Speaking of Randall—remember him? from when Rachel and her husband took on a project from the government? and now he has Grace? (oh, and Colm Feore was in that Stephen King miniseries)—Rachel and Miles go to one of her ex-associates (John) for help, but he alerts Randall to their presence.  It turns out to be not much of a plot point, however, because Miles and Rachel escape without too much trouble. And they get some bazookas while they're at it.

Danny uses said bazookas to good effect against the choppers when they come against the Rebels. Alas


the choppers manage to cut Danny down, sending Rachel on a self-flagellation bender while Charlie merely redoubles her determination to fight against Monroe.

Randall drives (yes, drives) with John to offer Monroe his services . . .

And Rachel removes a blinking light from Danny's corpse (though, seriously, the effects were weak because it didn't even look like real skin she was cutting into) . . . We can, one guesses, draw some kind of line between this light and the unique operation Danny had as a child.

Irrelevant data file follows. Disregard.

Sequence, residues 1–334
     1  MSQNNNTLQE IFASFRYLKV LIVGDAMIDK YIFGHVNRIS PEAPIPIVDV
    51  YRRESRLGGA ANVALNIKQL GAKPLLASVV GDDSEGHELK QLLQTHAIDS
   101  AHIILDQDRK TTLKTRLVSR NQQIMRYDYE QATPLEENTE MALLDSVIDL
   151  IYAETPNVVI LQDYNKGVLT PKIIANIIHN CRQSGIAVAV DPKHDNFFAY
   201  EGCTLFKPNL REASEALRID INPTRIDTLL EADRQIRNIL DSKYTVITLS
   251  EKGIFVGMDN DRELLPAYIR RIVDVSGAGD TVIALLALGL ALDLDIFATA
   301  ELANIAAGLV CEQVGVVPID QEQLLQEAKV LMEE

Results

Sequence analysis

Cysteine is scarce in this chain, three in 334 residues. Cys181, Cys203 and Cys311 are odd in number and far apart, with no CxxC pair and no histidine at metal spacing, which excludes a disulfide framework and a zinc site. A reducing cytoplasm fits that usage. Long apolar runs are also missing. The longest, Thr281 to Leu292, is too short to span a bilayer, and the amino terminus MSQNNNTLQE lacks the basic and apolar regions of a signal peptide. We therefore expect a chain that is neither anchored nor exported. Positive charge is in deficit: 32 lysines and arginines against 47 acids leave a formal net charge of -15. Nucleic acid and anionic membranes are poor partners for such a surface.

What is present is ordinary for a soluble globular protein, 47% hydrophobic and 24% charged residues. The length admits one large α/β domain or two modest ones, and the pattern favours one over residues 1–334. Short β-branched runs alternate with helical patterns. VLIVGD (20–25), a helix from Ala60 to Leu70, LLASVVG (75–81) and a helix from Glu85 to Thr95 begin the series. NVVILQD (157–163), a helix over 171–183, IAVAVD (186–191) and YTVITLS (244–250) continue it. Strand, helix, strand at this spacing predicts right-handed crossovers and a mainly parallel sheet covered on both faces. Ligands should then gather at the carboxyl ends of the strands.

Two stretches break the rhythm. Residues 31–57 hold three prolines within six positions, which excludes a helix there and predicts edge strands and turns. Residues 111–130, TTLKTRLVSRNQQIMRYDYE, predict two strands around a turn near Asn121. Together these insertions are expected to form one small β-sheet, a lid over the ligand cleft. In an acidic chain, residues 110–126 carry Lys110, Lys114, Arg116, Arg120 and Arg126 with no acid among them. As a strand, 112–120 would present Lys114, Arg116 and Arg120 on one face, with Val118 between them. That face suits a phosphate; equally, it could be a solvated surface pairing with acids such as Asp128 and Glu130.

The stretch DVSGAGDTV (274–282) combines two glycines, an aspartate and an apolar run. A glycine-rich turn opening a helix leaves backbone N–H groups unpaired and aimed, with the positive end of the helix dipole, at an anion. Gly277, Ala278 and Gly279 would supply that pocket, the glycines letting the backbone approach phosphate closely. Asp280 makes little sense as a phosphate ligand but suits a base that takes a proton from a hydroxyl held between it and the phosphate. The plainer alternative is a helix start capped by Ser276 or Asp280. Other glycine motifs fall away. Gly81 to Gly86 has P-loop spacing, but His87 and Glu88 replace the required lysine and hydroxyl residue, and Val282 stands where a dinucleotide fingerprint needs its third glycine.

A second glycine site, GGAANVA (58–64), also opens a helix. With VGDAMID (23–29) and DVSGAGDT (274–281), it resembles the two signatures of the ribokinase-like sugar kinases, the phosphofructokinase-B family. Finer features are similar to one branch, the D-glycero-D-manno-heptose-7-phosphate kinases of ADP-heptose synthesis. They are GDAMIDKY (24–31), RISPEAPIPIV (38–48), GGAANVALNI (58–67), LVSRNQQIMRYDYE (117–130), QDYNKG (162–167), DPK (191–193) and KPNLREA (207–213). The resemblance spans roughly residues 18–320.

Previews of coming weeks suggest, too, that someone has Daniel Faraday's notebook.

No Girls Allowed (Female Television Writers, or a Lack Thereof)

People have started sending me links to this article by The Guardian about the lack of female writers for shows like Doctor Who. "Why haven't you written for Doctor Who yet? Or Sherlock?" I get asked that all the time.

Look, it's not for lack of trying on my side. You can say, "Maybe you're not good enough," and maybe that's true, except I've done pretty well elsewhere. And I'd say Moffat's track record (or lack thereof) speaks for itself. ::shrug::

The UK broadcast system in general, I've found, is not female friendly, the US system only slightly more so. But especially in the UK, it is a very incestuous grouping of men who collaborate and are tightly armed against anyone new coming in, particularly women. You'll see the same names over and over again in the credits (and often the same faces across a handful of shows as the actors also benefit from this knot). It's a nasty little web. And until some kind of action is taken to dissolve that, it doesn't look to change any time soon.

But maybe I should try to be more sympathetic and understanding. After all, there may be real psychological trauma involved here. Maybe this is just a group of overgrown nerds who find girls just as scary now as they did in grade school. More so, even, since we're bigger now than we used to be. Or, on the flip side, maybe this is their revenge against all the girls who rejected them in grade school. Who knows? But whether driven by fear or spite, the result is the same: No Girls Allowed.